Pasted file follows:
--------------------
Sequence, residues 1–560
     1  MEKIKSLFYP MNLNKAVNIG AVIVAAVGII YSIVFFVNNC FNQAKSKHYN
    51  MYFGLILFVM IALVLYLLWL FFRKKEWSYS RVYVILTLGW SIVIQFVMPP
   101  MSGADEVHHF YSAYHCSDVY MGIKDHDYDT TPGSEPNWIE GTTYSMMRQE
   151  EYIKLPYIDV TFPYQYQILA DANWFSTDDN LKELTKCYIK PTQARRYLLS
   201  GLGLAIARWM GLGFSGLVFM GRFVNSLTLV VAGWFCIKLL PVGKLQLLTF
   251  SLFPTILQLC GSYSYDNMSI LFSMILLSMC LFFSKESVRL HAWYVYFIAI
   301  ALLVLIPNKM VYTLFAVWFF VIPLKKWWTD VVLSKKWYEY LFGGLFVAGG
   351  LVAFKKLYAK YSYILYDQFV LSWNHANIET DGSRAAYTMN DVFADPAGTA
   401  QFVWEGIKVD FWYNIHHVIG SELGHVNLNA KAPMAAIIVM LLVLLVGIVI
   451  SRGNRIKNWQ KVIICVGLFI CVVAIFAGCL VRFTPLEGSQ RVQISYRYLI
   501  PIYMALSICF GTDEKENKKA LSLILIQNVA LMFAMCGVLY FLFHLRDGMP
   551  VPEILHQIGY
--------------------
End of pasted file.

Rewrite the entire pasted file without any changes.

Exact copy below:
Sequence, residues 1–560
     1  MEKIKSLFYP MNLNKAVNIG AVIVAAVGII YSIVFFVNNC FNQAKSKHYN
    51  MYFGLILFVM IALVLYLLWL FFRKKEWSYS RVYVILTLGW SIVIQFVMPP
   101  MSGADEVHHF YSAYHCSDVY MGIKDHDYDT TPGSEPNWIE GTTYSMMRQE
   151  EYIKLPYIDV TFPYQYQILA DANWFSTDDN LKELTKCYIK PTQARRYLLS
   201  GLGLAIARWM GLGFSGLVFM GRFVNSLTLV VAGWFCIKLL PVGKLQLLTF
   251  SLFPTILQLC GSYSYDNMSI LFSMILLSMC LFFSKESVRL HAWYVYFIAI
   301  ALLVLIPNKM VYTLFAVWFF VIPLKKWWTD VVLSKKWYEY LFGGLFVAGG
   351  LVAFKKLYAK YSYILYDQFV LSWNHANIET DGSRAAYTMN DVFADPAGTA
   401  QFVWEGIKVD FWYNIHHVIG SELGHVNLNA KAPMAAIIVM LLVLLVGIVI
   451  SRGNRIKNWQ KVIICVGLFI CVVAIFAGCL VRFTPLEGSQ RVQISYRYLI
   501  PIYMALSICF GTDEKENKKA LSLILIQNVA LMFAMCGVLY FLFHLRDGMP
   551  VPEILHQIGY